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Random Access Memory Buffer for Bidirectional Serial Printer

IP.com Disclosure Number: IPCOM000089275D
Original Publication Date: 1977-Oct-01
Included in the Prior Art Database: 2005-Mar-04
Document File: 3 page(s) / 58K

Publishing Venue

IBM

Related People

Kohsaka, Y: AUTHOR [+2]

Abstract

Dot matrix patterns are supplied to a random-access memory 3 for operation of bidirectional wire matrix printer 7. Storing and reading operations of memory 3 are concurrently performed under control of reversible pointers 1 and 2, whereby matrix patterns, supplied from character generator 4 in one direction, are bidirectionally entered into and read out of memory 3 so as to conform to the bidirectional motion of the print head.

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Random Access Memory Buffer for Bidirectional Serial Printer

Dot matrix patterns are supplied to a random-access memory 3 for operation of bidirectional wire matrix printer 7. Storing and reading operations of memory 3 are concurrently performed under control of reversible pointers 1 and 2, whereby matrix patterns, supplied from character generator 4 in one direction, are bidirectionally entered into and read out of memory 3 so as to conform to the bidirectional motion of the print head.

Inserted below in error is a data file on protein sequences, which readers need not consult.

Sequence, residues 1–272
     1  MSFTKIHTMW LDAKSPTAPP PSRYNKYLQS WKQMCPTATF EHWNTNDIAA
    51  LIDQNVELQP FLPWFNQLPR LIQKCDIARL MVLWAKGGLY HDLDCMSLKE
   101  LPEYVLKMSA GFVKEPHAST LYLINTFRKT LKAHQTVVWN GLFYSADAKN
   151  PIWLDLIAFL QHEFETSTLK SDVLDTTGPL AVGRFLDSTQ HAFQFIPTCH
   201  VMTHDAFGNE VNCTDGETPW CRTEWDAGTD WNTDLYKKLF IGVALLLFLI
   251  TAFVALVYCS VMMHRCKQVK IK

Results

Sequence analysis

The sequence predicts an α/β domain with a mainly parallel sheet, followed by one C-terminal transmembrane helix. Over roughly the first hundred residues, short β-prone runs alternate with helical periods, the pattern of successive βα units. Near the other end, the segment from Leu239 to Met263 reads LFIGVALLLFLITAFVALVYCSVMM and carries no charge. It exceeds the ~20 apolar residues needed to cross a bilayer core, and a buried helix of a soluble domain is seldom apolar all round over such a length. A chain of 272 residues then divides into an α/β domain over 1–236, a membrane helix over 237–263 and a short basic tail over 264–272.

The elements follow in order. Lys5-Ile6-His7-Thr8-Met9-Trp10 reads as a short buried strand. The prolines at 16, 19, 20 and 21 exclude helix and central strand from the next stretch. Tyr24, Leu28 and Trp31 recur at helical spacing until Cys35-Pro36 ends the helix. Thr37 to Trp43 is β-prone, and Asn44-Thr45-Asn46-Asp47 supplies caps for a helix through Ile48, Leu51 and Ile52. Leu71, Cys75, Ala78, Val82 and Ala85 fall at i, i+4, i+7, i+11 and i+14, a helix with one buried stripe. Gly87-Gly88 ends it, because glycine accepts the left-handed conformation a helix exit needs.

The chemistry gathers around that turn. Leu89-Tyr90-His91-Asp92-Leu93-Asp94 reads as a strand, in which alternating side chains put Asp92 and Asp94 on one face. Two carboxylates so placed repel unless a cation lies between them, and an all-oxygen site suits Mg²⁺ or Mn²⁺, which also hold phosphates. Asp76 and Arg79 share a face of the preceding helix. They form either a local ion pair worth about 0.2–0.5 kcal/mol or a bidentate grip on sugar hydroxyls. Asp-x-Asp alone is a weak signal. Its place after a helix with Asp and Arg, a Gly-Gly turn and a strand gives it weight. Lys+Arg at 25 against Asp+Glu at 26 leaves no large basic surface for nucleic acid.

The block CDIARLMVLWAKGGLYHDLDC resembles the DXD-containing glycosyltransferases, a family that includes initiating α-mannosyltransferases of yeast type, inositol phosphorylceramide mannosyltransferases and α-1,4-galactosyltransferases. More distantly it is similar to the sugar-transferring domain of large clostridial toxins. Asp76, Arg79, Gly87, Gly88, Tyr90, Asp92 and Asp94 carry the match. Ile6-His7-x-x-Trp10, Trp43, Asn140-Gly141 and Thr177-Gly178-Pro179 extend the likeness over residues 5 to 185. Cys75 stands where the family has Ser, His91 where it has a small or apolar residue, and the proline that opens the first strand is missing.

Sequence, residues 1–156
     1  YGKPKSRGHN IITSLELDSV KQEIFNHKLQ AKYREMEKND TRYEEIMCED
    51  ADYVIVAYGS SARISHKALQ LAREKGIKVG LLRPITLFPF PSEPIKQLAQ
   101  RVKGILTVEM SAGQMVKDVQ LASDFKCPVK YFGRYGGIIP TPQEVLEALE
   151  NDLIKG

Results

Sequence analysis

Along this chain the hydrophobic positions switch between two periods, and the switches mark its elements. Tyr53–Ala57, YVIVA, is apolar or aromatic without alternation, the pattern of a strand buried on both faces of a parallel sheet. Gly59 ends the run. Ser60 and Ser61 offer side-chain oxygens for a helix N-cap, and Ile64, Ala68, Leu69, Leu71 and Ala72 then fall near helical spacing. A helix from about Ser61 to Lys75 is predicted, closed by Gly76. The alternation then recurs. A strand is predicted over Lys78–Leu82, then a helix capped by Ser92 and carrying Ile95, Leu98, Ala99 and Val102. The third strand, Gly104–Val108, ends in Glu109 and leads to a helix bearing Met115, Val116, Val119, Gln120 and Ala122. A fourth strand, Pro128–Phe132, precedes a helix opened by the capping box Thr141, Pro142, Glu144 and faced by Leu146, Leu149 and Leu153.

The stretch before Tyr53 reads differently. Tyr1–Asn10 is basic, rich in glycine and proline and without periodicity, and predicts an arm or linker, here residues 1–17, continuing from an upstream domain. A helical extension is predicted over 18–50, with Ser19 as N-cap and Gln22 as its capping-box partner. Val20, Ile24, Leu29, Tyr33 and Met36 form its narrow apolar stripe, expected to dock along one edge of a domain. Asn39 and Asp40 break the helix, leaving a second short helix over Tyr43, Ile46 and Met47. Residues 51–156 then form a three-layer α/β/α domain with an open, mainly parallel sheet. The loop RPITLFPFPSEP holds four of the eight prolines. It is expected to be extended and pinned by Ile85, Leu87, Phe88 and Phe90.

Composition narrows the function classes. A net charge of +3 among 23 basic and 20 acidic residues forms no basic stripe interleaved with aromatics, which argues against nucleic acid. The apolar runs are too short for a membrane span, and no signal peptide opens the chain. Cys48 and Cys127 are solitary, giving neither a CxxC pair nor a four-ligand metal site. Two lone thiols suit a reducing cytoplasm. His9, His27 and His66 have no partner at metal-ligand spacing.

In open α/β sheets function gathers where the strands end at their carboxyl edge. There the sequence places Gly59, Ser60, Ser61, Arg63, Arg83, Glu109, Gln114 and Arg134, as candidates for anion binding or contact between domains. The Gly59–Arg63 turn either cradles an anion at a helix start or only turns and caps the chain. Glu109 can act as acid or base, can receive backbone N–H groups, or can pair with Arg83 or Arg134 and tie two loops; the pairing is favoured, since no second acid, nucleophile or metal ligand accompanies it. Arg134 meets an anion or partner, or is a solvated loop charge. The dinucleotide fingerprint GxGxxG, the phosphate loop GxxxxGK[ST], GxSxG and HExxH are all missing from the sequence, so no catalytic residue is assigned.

Generator 4 is arranged to provide matrix patterns through sequential generation of columns of dots in one direction, which is equivalent to the left-to- right direction along each print line. In order to enable bidirectional printing by making use of such generator 4, a pair of reversible pointers 1 and 2, which operate as up-down address counters, are provided for concurrently accessing two storage areas of memory 3.

The pointer arrangement in Fig. 1 has two operating modes, namely mode 0 and mode 1. In mode 0, pointers 1 and 2 are concurrently incremented on the basis of a byte. During this mode, matrix patterns for one print line, already stored in one storage area, are sequentially read out by incrementing pointer 2 while, at the same time, matrix patterns for the next print line, coming from generator 4, are sequentially stored in another storage area by incrementing pointer 1. In mode 1, pointers 1 and 2 are concurrently decremented, and the roles of the pointers are interchanged with each other.

The system in Fig. 1 proceeds in phases 0 thru 8, but these phases can be defined by modes 0 and 1, respectively. Referring to Fig. 2 and the...